between about 5.degree. and about 30.degree. C. above the saturation
temperature of the gas in a manner sufficient to allow for absorption of
one or more of the acid components by the calcium silicate; and
(c) separating the calcium silicate in the form of spent solids from the
2. The process of claim 1, wherein the acid components comprise SO.sub.2.
3. The process of claim 1, wherein the powdery substance comprises a water
content of between about 10% and 35% by weight.
4. The process of claim 1, wherein step (a) comprises:
(a) preparing an aqueous slurry comprising a material containing calcium
together with a material containing calcium-reactive silica, the calcium
and silica being present in amount sufficient to allow for the formation
of the calcium silicate;
(b) heating the slurry to a temperature above ambient to facilitate in the
formation of the calcium silicate; and
(c) drying the slurry to form the semi-dry, free-flowing powdery substance.
5. The process of claim 4, wherein the slurry is dried by mixing it with
6. The process of claim 5, wherein between about 1 and 4 parts of spent
solids are mixed with every part of slurry.
7. The process of claim 4, wherein the slurry is dried by filtering the
slurry to remove a portion of water therefrom and mixing the slurry with
8. The process of claim 1, wherein step (a) comprises:
(a) preparing a mixture comprising a material containing calcium together
with a material containing calcium-reactive silica, the calcium and silica
being present in amounts sufficient to allow for the formation of the
(b) pressurizing the mixture with water in the form of steam in a manner
sufficient to allow for hydration of the calcium silicate.
9. The process of claim 8, wherein the mixture is treated at a pressure
between about 1 and 10 atmospheres and at a temperature between about 70
and 180.degree. C. for between about ten minutes and two hours.
10. The process of claim 9 wherein the mixture is pressurized at a
temperature between about 100.degree. and about 180.degree. C.
11. The process of claim 9, wherein the mixture is pressurized at a
temperature between about 140.degree. and about 160.degree. C.
12. The process of claim 8, wherein the mixture is maintained in a
free-flowing powdery state during hydration.
13. The process of claim 8, wherein the mixture is hydrated with a
sufficient amount of water to produce an aqueous slurry, and the slurry is
dried to form the powdery substance.
14. The process of claim 13, wherein the slurry is dried by release of
15. The process of claim 13, wherein the slurry is dried by mixing it with
16. The process of claim 1, wherein step (b) comprises injecting the
powdery substance into a stream of the gas.
17. The process of claim 1, wherein step (b) comprises fluidizing a bed of
the powdery substance with the gas.
18. The process of claim 1, wherein the temperature of the gas before
contacting it with the free-flowing powdery substance is between about
40.degree. and 80.degree. C. above its saturation temperature.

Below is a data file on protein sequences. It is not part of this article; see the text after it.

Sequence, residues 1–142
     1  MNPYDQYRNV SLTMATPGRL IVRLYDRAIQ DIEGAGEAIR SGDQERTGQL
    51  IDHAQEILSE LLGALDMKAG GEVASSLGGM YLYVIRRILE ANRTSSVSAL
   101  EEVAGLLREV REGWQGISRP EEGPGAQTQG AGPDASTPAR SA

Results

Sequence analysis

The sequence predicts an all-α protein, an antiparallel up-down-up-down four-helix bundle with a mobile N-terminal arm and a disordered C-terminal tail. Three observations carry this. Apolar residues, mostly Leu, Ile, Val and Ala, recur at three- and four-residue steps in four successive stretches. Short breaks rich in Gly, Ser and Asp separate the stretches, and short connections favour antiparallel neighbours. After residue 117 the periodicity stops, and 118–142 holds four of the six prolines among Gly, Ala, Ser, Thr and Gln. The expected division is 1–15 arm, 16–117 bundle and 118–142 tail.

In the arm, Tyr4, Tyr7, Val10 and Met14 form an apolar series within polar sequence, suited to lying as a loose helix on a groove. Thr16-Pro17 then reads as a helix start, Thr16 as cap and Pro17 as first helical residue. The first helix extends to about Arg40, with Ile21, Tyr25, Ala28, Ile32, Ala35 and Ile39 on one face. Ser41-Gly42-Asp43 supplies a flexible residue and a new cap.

19. The process of claim 16, wherein water is evaporated from the powdery
substance to the gas to an extent sufficient to humidify and cool the gas
to a temperature between about 5.degree. and 30.degree. C. above its
20. The process of claim 17, wherein water is sprayed onto the fluidized
bed in a manner sufficient to humidify and cool the gas to a temperature
between about 5.degree. and 30.degree. C. above its saturation
21. The process of claim 1, wherein the spent solids have a water content
of between about 2% and 20% by weight.
22. The process of claim 4, wherein the material containing calcium
comprises lime, dolomitic limestone, calcitic limestone, or seashells.
23. The process of claim 8, wherein the material containing calcium
comprises lime, dolomitic limestone, calcitic limestone, or seashells.
24. The process of claim 4, wherein the material containing
calcium-reactive silica comprises fly ash, spent solids, clay, silicic
acid, diatomaceous earth, activated alumina, steel manufacturing wastes,
or aluminum manufacturing wastes.
25. The process of claim 18, wherein the material containing
calcium-reactive silica comprises fly ash, quartz, spent solids, clay,
silicic acid, diatomaceous earth, activated alumina, steel manufacturing
wastes, or aluminum manufacturing wastes.
26. The process of claim 1, wherein the powdery substance further comprises
one or more of the following: sodium hydroxide, phosphoric acid, sodium
chloride, calcium chloride, ammonium phosphate, sodium phosphate, calcium
nitrate or sodium nitrate.
27. The process of claim 1, wherein powdery substance comprises a mass
ratio between about 1:10 and 1:1 calcium to silica.
28. The process of claim 27, wherein powdery substance comprises a mass
ratio between about 1:10 and 1:2 calcium to silica.
29. The process of claim 27, wherein powdery substance comprises a mass
ratio between about 1:2 and 1:1 calcium to silica.
30. The process of claim 1, further comprising the step of humidifying the
gas with water.
31. The process of claim 1, wherein the powdery substance comprises between
about 0.5 and 3.0 moles of calcium for every mole of acid gas components
to be removed from the gas.
32. The process of claim 1, wherein the gas contains SO.sub.3 and the
powdery substance comprises between about 0.5 and 2.0 moles of calcium for
every mole of SO.sub.3 to be removed from the gas.
33. The process of claim 1, wherein the gas contains SO.sub.2 and the
powdery substance comprises between about 0.5 and 3.0 moles of calcium for
every mole of SO.sub.2 to be removed from the gas.
Reference is made under 35 U.S.C. 120 to copending application, U.S. Ser.